Posts Tagged ‘Toronto’

Right now, we are in the middle of the Jewish festival of Sukkot. [1]

Just for the person who has to have lunch on the go, my dear friend Steven Burke has come up with his own clever variation of the sukkah-mobile.

Open two car doors, put two 2x4s over the door tops and rest the s’chach on top of the 2x4s!


sukkah-mobile(Image Credit: Steven Burke)

The chochmah and binah demonstrated here is inspirational!

Once again, Necessity is the Mother of Invention!

Bravo, Steven. Yasher Koach! 


[1]  As commanded in the Bible (Lev. 23:33-44). Christians may know Sukkot by the name Feast of Tabernacles (KJV), Festival of Tabernacles (NIV), Feast of Booths (NASB), etc.


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On the afternoon of Monday July 8, 2013…


There was a torrential downpour in Toronto…


Streets were flooded…


Highways were flooded…


People had to abandon their cars…


And the Marine Units were dispatched…

Copy of july-8-13-flood-05

To rescue people stuck inside flooded commuter trains.




Virtually every homeowner I know in Toronto has a flooded basement.


Our thoughts and prayers are with the good people of the City of Toronto.


May they all make it through the night safely and without harm.



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When I am really honest with myself, this is what I would love an Italian grocery store to be…


They would carry everything you need. Maybe not everything you want… but definitely everything you need.


Pasta, bread, cheese, meat, onions, garlic, peppers, tomatoes, oregano, basil, rosemary… maybe some fruits and nuts.

castagne-arrostite(Castagne arrostite!)

They might also have a few little things extra.


Espresso percolators…


… Italian playing cards…


… pizzelle irons.

My first wife, Susan, and I were right around the corner from such a place when we lived in St. Clair & Dufferin neighbourhood in Toronto in the late 70s.

italian-vegetable-market(Frutta e verdura!)

What I wouldn’t give to live once again a 2-minute walk from a place like this!


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When I am in The Heart of the Old World [1], there is a certain pervasive sound you hear… a kind of omnipresent background music… a gently swaying ‘bed track’ to the place. It is a general all-encompassing soundtrack permeating the entire area… made up from the voices of hundreds of Jewish girls and women.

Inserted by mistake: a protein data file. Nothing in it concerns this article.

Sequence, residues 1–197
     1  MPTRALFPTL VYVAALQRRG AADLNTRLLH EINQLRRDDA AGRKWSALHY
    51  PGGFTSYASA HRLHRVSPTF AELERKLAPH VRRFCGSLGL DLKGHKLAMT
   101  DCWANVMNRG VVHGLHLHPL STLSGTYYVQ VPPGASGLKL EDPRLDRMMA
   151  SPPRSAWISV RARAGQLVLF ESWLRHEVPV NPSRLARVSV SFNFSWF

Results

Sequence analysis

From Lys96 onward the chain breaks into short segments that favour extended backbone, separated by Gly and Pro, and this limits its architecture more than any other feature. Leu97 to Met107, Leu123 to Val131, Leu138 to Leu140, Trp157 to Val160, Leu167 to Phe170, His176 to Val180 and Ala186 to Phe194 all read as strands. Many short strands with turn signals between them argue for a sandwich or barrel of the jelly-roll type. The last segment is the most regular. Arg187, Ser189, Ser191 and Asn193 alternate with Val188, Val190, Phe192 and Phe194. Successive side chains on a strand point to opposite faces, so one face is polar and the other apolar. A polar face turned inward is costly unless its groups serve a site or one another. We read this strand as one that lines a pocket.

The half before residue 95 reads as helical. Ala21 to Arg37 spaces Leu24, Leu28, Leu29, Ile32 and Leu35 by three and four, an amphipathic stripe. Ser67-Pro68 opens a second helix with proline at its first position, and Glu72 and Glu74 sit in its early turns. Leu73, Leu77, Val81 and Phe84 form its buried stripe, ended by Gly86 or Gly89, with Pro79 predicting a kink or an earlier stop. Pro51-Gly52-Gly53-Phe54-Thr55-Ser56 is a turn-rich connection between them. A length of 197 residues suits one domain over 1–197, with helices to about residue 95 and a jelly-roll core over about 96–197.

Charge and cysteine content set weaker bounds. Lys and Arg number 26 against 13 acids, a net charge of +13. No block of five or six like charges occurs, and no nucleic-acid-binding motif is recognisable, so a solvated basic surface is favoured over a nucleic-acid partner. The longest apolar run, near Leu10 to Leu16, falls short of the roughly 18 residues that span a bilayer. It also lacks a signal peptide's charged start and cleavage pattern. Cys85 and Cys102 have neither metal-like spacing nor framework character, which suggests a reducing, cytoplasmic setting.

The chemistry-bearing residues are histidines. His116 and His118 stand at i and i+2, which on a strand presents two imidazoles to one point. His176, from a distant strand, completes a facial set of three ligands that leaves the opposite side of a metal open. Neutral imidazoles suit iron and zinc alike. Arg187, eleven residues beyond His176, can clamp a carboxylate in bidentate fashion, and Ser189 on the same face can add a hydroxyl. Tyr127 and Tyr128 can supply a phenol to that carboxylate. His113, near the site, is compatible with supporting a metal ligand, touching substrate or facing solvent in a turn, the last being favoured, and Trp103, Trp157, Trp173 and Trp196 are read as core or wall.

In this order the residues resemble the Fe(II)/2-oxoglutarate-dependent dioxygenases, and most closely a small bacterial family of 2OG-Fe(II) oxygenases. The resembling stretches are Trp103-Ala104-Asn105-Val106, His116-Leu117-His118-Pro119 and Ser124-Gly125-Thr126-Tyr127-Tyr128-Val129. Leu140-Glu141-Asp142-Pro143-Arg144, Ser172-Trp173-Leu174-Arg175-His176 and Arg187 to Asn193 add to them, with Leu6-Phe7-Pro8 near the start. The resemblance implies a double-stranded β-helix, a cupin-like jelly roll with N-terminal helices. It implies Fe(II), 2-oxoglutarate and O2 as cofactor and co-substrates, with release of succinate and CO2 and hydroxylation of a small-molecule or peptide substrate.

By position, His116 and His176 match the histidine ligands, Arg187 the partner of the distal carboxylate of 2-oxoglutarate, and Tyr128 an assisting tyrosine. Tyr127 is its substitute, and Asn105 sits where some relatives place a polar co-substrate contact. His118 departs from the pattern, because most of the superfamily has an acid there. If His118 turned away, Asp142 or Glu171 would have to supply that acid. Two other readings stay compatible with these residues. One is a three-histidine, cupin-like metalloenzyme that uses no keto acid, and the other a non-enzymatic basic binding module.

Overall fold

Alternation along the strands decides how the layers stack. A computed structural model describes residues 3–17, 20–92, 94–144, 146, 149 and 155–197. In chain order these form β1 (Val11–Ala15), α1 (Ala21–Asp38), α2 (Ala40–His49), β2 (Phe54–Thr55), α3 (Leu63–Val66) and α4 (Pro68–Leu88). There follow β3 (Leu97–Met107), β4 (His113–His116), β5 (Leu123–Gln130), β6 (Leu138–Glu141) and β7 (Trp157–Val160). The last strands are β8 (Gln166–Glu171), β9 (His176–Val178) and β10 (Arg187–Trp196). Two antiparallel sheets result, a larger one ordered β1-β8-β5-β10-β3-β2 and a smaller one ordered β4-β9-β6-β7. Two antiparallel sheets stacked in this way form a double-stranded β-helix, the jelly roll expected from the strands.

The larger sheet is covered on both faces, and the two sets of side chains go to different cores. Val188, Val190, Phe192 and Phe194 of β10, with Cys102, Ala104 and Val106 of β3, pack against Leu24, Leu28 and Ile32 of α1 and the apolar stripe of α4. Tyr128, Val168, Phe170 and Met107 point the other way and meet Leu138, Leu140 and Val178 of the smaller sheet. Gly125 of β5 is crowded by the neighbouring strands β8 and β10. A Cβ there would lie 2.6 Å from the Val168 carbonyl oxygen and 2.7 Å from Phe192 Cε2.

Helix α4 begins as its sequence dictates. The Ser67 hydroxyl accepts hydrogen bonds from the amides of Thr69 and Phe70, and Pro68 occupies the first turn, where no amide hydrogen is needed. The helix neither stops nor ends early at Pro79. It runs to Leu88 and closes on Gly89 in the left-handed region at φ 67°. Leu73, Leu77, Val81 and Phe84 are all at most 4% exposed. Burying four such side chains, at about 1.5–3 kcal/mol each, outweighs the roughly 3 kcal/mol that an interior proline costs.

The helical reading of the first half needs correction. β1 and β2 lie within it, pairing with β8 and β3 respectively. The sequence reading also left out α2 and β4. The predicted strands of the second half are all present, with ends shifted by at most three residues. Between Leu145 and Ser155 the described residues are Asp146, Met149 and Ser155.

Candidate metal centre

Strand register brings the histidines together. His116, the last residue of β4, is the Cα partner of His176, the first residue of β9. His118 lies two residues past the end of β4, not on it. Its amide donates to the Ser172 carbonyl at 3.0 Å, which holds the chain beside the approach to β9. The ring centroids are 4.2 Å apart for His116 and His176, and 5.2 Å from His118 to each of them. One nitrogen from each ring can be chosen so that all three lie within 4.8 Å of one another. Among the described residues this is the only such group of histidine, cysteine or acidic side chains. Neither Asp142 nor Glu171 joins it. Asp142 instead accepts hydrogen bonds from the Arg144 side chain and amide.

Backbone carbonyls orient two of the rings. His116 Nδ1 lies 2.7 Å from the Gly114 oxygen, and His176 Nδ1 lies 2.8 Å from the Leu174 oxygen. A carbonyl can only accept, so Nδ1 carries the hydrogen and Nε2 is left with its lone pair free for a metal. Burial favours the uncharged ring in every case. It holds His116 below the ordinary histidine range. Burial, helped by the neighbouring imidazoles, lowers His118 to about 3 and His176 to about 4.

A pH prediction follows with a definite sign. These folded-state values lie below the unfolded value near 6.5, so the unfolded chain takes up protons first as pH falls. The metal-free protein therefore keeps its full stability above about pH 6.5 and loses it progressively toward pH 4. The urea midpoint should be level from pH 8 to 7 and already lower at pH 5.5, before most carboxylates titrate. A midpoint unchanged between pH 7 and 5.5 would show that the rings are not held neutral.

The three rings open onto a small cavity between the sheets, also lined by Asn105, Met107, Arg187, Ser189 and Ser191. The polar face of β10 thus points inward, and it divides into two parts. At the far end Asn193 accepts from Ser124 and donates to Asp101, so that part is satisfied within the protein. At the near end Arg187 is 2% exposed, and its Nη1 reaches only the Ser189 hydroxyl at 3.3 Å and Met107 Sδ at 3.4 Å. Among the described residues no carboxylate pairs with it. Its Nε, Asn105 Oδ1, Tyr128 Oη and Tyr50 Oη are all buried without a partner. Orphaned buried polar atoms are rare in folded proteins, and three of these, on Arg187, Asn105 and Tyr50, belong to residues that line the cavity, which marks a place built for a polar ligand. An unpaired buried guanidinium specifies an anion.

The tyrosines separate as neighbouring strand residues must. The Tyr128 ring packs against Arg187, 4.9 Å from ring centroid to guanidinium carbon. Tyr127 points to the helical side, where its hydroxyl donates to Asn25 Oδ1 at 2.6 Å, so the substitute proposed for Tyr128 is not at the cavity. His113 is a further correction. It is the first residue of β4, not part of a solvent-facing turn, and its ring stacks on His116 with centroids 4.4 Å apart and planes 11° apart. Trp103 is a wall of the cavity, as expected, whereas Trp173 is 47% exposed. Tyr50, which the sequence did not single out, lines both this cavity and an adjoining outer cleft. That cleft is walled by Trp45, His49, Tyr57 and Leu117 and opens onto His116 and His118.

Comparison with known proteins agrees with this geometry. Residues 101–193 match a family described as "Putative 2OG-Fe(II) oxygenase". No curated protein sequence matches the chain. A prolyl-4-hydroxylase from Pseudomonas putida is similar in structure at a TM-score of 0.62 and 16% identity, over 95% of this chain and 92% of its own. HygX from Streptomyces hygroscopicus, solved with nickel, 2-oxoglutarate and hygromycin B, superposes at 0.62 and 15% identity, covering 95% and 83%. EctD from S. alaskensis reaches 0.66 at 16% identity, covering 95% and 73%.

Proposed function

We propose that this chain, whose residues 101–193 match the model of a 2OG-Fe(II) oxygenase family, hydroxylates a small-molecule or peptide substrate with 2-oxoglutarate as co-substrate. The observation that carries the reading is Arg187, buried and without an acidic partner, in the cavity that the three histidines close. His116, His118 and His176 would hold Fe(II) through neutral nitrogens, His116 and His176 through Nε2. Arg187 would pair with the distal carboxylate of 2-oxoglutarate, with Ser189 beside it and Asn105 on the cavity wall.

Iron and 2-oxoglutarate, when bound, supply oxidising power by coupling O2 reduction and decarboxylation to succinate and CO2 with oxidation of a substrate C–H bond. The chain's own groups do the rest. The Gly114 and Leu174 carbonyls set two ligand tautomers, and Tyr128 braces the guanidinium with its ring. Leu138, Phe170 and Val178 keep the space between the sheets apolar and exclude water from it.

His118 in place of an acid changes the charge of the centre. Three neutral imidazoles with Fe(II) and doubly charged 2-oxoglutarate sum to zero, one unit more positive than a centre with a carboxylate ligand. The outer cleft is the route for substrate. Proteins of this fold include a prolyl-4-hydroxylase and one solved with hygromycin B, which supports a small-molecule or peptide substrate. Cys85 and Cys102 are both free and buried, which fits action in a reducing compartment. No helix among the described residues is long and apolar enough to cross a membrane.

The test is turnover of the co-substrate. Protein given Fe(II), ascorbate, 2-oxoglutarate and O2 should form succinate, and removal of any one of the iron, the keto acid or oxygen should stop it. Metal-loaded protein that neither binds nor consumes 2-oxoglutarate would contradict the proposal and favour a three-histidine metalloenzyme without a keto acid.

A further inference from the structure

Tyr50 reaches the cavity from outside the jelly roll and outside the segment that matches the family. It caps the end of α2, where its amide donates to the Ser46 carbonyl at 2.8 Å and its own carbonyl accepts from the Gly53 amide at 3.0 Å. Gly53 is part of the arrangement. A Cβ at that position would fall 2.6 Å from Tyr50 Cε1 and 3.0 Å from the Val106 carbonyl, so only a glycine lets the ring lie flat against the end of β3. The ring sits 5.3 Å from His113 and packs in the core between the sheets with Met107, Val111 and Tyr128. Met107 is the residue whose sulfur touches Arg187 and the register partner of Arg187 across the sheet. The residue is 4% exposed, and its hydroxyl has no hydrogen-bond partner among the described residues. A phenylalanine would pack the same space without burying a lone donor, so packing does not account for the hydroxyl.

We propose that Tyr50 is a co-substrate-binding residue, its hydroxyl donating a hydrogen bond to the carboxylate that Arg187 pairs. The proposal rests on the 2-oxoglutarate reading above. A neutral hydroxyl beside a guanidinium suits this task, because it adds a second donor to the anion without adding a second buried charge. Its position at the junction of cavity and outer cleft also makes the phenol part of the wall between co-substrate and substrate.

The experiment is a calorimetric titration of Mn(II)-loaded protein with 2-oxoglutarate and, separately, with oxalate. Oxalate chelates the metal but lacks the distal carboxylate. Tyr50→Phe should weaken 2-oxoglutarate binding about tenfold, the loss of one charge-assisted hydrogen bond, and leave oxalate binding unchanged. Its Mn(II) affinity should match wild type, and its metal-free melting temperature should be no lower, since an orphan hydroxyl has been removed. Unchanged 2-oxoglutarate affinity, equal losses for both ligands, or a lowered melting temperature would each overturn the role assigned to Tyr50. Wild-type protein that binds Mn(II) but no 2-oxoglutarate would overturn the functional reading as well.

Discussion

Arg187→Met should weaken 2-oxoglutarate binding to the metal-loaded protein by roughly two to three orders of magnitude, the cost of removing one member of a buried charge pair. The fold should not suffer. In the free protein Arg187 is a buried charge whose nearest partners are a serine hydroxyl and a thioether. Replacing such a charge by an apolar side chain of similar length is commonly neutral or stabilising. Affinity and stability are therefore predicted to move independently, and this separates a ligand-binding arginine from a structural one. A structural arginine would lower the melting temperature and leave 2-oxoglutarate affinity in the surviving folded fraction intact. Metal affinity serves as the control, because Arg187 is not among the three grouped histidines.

It is useless trying to explain a symphony with words,. I will at least give you a tiny taste of some of the lyrics. Try to imagine the sing-song tones blending in and through each other, above and underneath each other, mixing and intertwining, separating and repeating, like a Bach fugue.

Those who know what I am talking about are well familiar with the melodies, counter-melodies, tempos and keys. To the uninitiated, I can only say that one cannot describe a colour adequately with words… it must be seen to be fully understood. Similarly, like a Shakespearean play, the words are meant to be heard, not read. [2]

At the grocery store, on the sidewalk, in the coffee shop, in the parking lot… it binds us and keeps us together. It forms a warm comforting blanket around us.

And now… let us listen… and hear those precious voices all around us…

Boruch HaShem! Im Yirtzeh HaShem. B’ezras HaShem!

It’s all shtuss. It’s just a bunch of shtuss.

Yes, bli neder. Absolutely, bli neder! Of course, bli neder!

 Make a brochah, Shmuley. Did you make an after-brochah?

Chas v’sholom! K’neine hora! Lo aleinu!

You hold by that? We don’t hold by that! Who holds by that?

Look at that punim! What a shayna punim! Can you believe the punim on this kid?

Where are you for Shabbes lunch? You’re coming for Shabbes dinner, right?

Where does he daven? What time do they finish davening over there?

She lives in Beit Shemesh now. Ramat Gan. She’s in Bnei Barak.

Monsey. Crown Heights. Lakewood. Boro Park.

She’s engaged? Who’s engaged? She’s getting married!

Mazel tov! How wonderful! They should know only joy and happiness.

Simchas. Only Simchas! Next by you. It should happen by you.

Narishkeit. I’ve never heard such narishkeit!

Really? You’re serious? You’re not serious. You are? Really?

When’s shkiah? What time is shkiah? When’s candle lighting?

What time’s Shabbes over? Come over for havdalah!